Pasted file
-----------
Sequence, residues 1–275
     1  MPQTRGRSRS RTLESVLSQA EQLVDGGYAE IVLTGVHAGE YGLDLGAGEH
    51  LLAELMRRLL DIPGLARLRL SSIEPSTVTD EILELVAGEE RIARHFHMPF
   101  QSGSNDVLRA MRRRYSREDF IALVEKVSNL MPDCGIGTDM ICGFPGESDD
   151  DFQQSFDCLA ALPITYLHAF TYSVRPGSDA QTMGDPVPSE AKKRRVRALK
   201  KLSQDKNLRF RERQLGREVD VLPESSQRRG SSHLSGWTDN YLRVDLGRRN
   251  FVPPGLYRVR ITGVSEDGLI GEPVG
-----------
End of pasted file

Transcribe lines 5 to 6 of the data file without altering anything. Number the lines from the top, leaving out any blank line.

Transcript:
   151  DFQQSFDCLA ALPITYLHAF TYSVRPGSDA QTMGDPVPSE AKKRRVRALK
   201  KLSQDKNLRF RERQLGREVD VLPESSQRRG SSHLSGWTDN YLRVDLGRRN